How to Recognize and Treat a Broken Wrist

A doctor evaluating a patient's broken wrist

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Nobody denies that a broken wrist is a very painful injury. However, as bad as they feel, they're rarely life-threatening emergencies. In many cases, there's not much you can do to help at home. This is going to require a trip to the emergency department (or at least to a clinic that has the ability to take X-rays).

The following steps will help you learn to recognize a broken wrist and to decide how to take care of it.

Symptoms

Here's what to look for to tell if the wrist is broken. You don't have to see all of these, but the more you see, the bigger the chance that the wrist is busted.

  • Pain
  • Swelling
  • Bruising
  • Deformity
  • Numbness or tingling
  • Broken skin with bone visible
  • Limited mobility of the wrist

Immediate Response

If an accident occurs, make sure the injured person is in a safe location. Check for bleeding and apply pressure to any open wounds until the bleeding stops. If needed, the wound can be rinsed, ideally with sterile water or saline solution. Cover any broken skin with a sterile dressing.

If there are signs of a head, back, or neck injury, do not attempt to move the injured person unless there is an imminent physical danger. Otherwise, wait for emergency help to arrive.

Splinting a Wrist

If an ambulance is unavailable, it may be necessary to splint the broken wrist. Before splinting, check the following three things:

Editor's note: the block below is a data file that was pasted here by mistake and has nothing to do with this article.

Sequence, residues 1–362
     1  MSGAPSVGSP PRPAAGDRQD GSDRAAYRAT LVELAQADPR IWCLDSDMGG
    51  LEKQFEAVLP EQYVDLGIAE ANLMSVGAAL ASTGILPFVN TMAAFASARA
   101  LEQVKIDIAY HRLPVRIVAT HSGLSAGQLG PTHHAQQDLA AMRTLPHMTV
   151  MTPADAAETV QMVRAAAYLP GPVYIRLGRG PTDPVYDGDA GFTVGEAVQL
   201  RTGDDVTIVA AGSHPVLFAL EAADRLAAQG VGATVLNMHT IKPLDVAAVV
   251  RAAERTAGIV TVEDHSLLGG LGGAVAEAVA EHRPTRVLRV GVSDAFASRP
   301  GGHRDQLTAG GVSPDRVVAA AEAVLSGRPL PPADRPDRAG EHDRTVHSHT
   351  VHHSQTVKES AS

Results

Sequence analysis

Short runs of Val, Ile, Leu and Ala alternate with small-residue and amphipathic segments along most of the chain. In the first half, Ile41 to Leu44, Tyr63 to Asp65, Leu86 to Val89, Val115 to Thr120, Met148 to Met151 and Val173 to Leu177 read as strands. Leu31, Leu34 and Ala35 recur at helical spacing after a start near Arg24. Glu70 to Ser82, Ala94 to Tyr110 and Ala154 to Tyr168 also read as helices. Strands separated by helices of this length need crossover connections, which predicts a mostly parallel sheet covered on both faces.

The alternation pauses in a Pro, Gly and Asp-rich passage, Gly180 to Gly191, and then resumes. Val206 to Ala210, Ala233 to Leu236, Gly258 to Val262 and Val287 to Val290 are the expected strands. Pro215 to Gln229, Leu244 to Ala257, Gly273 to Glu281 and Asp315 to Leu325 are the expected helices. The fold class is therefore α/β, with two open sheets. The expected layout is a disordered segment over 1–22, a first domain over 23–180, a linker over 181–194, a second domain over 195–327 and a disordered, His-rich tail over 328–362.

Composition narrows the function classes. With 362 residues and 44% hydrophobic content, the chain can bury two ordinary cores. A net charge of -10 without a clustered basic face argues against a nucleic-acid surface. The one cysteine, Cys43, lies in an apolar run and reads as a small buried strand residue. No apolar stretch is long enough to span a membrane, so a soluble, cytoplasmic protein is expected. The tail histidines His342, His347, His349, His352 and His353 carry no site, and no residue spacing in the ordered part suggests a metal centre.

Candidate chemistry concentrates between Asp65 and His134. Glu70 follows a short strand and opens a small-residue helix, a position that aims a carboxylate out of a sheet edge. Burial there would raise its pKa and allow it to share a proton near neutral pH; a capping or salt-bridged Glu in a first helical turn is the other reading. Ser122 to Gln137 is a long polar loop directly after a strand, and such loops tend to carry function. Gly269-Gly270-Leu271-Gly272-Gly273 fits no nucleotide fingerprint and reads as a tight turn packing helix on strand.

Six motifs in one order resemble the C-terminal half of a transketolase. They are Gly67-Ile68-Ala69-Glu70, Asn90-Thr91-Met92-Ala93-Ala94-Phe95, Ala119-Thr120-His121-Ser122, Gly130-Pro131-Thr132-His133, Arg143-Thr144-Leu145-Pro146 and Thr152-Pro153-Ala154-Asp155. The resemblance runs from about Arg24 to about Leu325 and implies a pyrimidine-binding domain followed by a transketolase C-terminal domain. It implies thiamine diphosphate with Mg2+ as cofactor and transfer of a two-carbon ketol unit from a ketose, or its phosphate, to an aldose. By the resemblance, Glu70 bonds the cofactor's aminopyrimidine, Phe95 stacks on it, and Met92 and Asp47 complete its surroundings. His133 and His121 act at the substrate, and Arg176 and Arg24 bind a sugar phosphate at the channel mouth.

• Check circulation by comparing the color and temperature of the injured wrist against the uninjured wrist.
  • Check sensation by asking the patient which finger you are touching.
  • Check motion by having the patient wiggle his or her fingers.

In an emergency situation, you can make a splint with a heavy stick, folded cardboard, or a rolled-up newspaper along with some one-inch strips of cloth. Avoid using duct tape or other adhesive tapes that may be difficult to remove later.

To make a homemade splint:

  1. Gently wrap the wrist in some cloth or padding to help cushion the break. Do not attempt to realign the bones; leave that task to the professionals
  2. Place the splint so that it rests on the joint above and the joint below the injury.
  3. Using strips of cloth, fasten the splint tightly enough to keep the joint steady and secure but not enough to cut off circulation. Try not to place ties directly over the wound.
  4. Be sure to immobilize the hand. Any movement of the hand will result in pressure on the wrist.
  5. Recheck circulation, sensation, and motion.

Once the splint is secure, you can ice the wrist to reduce swelling. Start by placing a cloth barrier on the skin to prevent frostbite. Ice the skin for 15 minutes, moving it constantly, then remove for 15 minutes. Repeat until help arrives.

Other Tips

If, after splinting, the wrist begins to swell, turn pale, or look blue-ish, loosen the ties a bit. They may be too tight. The ties should be secure enough to stabilize the wrist, but you should always be able to feel a pulse.

You should also loosen the ties if there in continued or worsening pain. If these measures don’t help and the injured person is still experiencing pain, you should remove the splint altogether.

If the injured person is feeling faint and has short, rapid breath, they may be going into shock. Lay them down without affecting the injured wrist and elevate the feet slightly above the head. Keep the person warm until help arrives.

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